February 7, 2014 Leave a Comment
By now, merchants know that customer reviews are an essential component of product content. Reviews are increasingly widespread, with more than 60% of the merchants in Internet Retailer’s list of Top 500 merchants using them.
As a result, the long-standing best practices surrounding reviews, if not universally adopted, are at least well-known — from avoiding censorship of negative reviews (since negative reviews can actually drive sales) to enabling ratings of individual product attributes to using review content in merchandising and marketing.
But the ubiquity of reviews and the increasingly savvy online consumers who consult them require merchants to up their game. Shoppers’ sophistication about review content, as well as their access to mobile technologies and social sharing opportunities, all play a role in the latest best-of-breed implementations. Among the ways to freshen reviews for 2014 and beyond:
Seek reviews, not just star ratings, from those in the know. Shoppers’ disregard of star ratings was among the surprising findings from a 2013 study of more than 18,000 Amazon reviews. Higher sales were associated with products with a mix of high and low ratings, versus those with uniformly negative or positive ratings — again demonstrating the importance of negative reviews. But what shoppers paid attention to most was the review text itself; positive reviews with a more credible linguistic style had more impact than those that displayed no particular expertise about the product or the product category. So to enhance the credibility of their reviews, merchants should encourage submissions from frequent or long-time buyers who are best able to evaluate and compare products.
MarketLive merchant Peruvian Connection makes submission of a detailed review easy by providing helpful tips for content. The review display includes several indicators of a contributor’s knowledge of brand offerings, from a “First Time Customer?” attribute to badges for top contributors.
Let shoppers “review the review”. Allowing shoppers to vote on whether a particular contribution was helpful gives merchants a criterion for prioritizing display of reviews, while the ability to comment on reviews enables a dialogue among customers and would-be buyers. And, of course, customer service staff can use the commenting feature to respond to reviews and provide further information.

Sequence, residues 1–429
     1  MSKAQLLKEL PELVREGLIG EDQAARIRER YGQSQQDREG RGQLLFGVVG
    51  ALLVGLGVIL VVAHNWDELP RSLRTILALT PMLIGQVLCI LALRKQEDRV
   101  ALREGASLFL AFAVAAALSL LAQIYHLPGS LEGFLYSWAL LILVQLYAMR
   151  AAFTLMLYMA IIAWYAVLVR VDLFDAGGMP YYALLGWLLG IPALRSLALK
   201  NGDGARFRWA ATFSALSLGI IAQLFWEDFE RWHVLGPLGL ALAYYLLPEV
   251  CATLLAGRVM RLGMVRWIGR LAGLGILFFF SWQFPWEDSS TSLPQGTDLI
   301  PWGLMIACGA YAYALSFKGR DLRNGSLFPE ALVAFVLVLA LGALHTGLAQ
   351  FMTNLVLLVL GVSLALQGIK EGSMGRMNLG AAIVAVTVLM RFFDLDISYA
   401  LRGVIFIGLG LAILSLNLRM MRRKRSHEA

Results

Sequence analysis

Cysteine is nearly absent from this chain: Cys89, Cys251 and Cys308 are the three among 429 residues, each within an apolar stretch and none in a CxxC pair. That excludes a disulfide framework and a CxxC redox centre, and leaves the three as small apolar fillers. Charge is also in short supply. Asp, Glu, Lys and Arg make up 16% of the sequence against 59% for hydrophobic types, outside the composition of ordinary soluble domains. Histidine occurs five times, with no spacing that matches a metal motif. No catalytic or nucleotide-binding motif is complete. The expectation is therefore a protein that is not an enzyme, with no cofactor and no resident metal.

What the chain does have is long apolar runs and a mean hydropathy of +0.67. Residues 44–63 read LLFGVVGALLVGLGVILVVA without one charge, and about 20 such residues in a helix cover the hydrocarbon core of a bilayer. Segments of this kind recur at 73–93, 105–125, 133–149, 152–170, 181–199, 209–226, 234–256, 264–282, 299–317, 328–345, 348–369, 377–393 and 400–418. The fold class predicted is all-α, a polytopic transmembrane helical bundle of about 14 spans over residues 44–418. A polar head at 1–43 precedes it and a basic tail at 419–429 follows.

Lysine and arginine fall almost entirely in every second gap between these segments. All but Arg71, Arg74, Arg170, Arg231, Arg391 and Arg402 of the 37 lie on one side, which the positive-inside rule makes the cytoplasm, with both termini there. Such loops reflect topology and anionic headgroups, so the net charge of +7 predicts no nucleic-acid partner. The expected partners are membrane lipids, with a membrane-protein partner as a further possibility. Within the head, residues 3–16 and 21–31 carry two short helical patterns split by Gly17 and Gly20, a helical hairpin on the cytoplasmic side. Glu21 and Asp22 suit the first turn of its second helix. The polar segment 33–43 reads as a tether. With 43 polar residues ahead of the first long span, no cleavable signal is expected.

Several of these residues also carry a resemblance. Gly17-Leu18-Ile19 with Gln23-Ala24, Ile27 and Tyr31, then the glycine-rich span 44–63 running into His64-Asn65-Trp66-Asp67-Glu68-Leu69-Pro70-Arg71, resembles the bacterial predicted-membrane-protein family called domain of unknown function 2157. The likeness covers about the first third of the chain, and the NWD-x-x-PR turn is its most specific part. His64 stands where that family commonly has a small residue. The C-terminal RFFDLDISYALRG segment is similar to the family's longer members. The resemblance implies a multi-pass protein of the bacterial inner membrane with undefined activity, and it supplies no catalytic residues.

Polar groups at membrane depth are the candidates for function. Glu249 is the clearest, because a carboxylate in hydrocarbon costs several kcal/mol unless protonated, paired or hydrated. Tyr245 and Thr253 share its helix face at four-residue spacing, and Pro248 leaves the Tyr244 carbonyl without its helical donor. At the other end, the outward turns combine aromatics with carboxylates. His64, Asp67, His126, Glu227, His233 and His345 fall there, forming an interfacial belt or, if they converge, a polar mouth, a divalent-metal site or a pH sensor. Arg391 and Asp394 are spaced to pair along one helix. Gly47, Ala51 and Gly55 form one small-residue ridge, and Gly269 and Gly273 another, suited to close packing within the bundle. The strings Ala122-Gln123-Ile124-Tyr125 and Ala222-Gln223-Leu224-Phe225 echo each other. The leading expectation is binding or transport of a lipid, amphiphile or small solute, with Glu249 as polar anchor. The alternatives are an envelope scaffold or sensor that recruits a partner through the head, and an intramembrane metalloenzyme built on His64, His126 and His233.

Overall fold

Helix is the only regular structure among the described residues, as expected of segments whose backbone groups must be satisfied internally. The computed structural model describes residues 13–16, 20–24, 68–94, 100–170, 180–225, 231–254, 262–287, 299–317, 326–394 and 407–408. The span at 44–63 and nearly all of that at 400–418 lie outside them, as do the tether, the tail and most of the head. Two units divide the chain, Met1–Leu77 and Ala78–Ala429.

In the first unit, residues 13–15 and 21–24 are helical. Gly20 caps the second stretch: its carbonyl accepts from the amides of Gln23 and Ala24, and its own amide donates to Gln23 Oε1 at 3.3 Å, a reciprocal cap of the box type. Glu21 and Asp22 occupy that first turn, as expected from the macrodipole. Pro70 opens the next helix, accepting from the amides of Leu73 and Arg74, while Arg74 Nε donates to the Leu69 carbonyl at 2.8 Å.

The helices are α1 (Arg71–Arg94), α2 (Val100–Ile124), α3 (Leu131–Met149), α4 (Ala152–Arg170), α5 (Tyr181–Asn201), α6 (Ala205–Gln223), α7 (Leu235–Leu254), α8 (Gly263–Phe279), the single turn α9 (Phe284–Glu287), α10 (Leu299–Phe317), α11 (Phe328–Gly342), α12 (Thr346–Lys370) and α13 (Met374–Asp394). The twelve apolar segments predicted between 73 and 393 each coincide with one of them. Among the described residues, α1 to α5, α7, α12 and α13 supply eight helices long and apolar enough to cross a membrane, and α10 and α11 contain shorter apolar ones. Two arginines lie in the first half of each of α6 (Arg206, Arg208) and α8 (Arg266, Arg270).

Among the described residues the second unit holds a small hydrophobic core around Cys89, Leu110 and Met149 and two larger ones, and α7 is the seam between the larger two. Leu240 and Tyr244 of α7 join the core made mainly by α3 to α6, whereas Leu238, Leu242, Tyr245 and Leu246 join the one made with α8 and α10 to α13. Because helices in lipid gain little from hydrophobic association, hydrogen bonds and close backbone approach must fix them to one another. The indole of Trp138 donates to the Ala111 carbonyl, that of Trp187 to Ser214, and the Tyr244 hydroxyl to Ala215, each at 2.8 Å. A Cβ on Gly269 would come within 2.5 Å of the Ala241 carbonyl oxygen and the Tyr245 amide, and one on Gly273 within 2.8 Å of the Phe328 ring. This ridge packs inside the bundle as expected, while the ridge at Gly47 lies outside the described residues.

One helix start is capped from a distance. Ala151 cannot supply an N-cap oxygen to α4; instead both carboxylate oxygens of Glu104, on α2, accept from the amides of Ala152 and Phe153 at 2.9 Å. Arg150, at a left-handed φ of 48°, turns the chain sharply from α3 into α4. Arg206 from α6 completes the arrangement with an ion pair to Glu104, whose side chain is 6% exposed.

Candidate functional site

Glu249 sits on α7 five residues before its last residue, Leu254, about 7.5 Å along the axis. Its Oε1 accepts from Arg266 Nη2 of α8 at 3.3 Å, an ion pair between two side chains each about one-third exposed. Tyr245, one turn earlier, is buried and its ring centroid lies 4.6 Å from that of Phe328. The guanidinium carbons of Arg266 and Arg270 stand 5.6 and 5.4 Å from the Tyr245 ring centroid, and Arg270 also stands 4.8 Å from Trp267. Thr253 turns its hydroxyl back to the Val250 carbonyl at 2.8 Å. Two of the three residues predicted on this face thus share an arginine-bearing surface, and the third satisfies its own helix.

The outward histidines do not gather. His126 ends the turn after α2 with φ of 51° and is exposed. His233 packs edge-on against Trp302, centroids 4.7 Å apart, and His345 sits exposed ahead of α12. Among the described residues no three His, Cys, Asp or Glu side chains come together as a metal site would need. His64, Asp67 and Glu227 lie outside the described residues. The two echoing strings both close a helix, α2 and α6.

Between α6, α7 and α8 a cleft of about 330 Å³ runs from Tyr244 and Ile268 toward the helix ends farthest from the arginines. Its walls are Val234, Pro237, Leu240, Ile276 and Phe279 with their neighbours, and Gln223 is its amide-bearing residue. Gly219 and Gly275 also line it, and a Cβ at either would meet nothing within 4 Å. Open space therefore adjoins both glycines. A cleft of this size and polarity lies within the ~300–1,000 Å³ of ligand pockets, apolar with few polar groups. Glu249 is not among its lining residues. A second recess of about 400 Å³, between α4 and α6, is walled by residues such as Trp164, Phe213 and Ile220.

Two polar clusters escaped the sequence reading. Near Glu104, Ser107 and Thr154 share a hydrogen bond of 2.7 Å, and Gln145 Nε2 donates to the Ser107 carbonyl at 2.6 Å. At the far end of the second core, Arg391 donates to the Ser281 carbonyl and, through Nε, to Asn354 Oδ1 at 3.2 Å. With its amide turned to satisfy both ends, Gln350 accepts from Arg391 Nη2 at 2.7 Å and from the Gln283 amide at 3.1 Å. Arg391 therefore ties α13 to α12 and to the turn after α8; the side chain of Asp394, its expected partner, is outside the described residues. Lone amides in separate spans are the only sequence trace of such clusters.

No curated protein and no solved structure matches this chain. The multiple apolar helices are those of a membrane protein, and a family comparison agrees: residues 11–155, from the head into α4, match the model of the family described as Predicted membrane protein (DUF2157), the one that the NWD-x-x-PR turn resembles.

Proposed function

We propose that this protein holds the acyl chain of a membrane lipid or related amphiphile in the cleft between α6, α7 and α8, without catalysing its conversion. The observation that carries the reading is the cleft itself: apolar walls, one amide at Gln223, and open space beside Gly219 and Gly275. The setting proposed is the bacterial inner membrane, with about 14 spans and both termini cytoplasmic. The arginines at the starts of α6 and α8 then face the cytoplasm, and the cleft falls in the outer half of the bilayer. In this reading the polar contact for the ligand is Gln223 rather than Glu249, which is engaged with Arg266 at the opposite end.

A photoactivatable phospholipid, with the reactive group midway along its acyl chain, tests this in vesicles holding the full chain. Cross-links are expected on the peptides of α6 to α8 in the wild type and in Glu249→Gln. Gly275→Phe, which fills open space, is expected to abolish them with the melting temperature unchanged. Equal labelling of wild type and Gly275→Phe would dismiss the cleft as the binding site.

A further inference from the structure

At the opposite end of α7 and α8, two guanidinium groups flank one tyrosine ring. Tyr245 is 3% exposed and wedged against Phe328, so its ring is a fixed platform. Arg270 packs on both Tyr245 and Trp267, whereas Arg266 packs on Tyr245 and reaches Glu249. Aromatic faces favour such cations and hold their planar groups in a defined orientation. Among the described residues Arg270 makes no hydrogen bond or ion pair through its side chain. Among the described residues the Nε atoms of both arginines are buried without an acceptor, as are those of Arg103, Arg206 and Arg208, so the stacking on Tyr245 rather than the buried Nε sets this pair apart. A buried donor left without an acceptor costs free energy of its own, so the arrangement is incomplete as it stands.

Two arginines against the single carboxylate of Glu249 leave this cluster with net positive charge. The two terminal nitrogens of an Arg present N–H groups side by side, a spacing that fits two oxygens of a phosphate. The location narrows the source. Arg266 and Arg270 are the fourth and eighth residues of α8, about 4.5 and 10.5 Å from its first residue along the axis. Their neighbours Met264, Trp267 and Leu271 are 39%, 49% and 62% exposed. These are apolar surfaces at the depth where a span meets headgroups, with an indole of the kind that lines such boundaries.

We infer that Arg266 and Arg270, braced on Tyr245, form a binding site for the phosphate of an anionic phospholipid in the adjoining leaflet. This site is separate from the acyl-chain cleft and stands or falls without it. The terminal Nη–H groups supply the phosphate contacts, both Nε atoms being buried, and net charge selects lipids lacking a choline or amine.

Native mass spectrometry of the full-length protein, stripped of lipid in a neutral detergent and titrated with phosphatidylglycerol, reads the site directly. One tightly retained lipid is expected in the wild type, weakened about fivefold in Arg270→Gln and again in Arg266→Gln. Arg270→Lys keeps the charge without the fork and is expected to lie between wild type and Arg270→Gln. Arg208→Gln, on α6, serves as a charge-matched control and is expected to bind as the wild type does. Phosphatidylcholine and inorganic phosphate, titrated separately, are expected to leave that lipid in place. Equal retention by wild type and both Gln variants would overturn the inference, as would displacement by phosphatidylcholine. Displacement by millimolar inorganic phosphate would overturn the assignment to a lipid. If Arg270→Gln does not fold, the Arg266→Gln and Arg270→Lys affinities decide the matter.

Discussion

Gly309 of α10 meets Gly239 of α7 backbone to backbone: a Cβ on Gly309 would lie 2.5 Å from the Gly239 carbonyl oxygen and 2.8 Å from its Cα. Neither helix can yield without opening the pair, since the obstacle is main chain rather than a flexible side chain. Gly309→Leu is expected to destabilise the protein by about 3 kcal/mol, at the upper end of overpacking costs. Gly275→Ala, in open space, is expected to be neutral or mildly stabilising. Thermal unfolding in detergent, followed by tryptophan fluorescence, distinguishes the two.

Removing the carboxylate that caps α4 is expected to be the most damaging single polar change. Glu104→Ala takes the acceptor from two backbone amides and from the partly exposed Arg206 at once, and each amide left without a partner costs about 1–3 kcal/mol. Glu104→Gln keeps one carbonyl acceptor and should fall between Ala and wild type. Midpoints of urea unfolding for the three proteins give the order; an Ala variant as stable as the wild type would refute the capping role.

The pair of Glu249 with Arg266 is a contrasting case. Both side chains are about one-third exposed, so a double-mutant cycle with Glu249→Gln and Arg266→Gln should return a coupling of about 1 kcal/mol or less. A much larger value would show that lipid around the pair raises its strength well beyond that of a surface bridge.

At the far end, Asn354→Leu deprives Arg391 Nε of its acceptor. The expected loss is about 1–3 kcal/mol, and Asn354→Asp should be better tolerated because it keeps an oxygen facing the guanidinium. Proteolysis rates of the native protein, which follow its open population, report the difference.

Summarize with a representative sample of the best reviews. In addition to aggregating and averaging the star ratings, merchants should provide a summary sampling of the most popular comments so that shoppers can quickly scan to get the gist of opinions. The summary should be representative of the entire body of reviews for the product, good and bad, while showcasing the reviews deemed most helpful.
MarketLive merchant Perricone MD provides a review snapshot that includes the most liked positive and negative reviews, along with a list of popular product attributes as indicated by reviewers.
Enable multimedia reviews. Since consumers increasingly have a camera and video recorder — in the form of their smartphones — within easy reach, and are increasingly comfortable with posting pictures and video online, merchants should go beyond text-and-ratings reviews to take advantage of this new potential pool of user-generated content. Review submission forms should prominently invite inclusion of photos and video, and review displays should showcase multimedia content. In addition, merchants should allow shoppers to sort and filter reviews according to whether they have images or video, and even consider adding the presence of multimedia reviews as an attribute for guided search alongside star ratings.
Retro-style clothing and home decor merchant ModCloth includes photo submission on its review form, and pictures are displayed alongside review text.
Syndicate review content across touchpoints. Social media is an ideal platform for sharing product review content, as brand followers are hungry for recommendations from other customers. At the least, merchants should consider featuring “top-rated” products on Facebook and/or Pinterest, and quoting review text aspart of the presentation.
MarketLive merchant Figi’s prominently features a link to product reviews from its main Timeline page on Facebook. The page offers social shoppers the ability to browse featured products and customer favorites, and to submit reviews directly from within Facebook.
Disclose collection methods up-front. Achieving “critical mass” for reviews is crucial to relevance — but so is transparency when it comes to methods of achieving it. Merchants who aggregate reviews from other sites (e.g. Amazon), or who incentivize customers to contribute reviews with contests or prize drawings, should disclose those practices as part of the review display on the product page. Sears includes a line in its review summary noting that some contributors have received benefits in exchange for their submissions — but emphasizes those benefits weren’t conditional based on review content.
How are you maximizing the efficacy of customer reviews?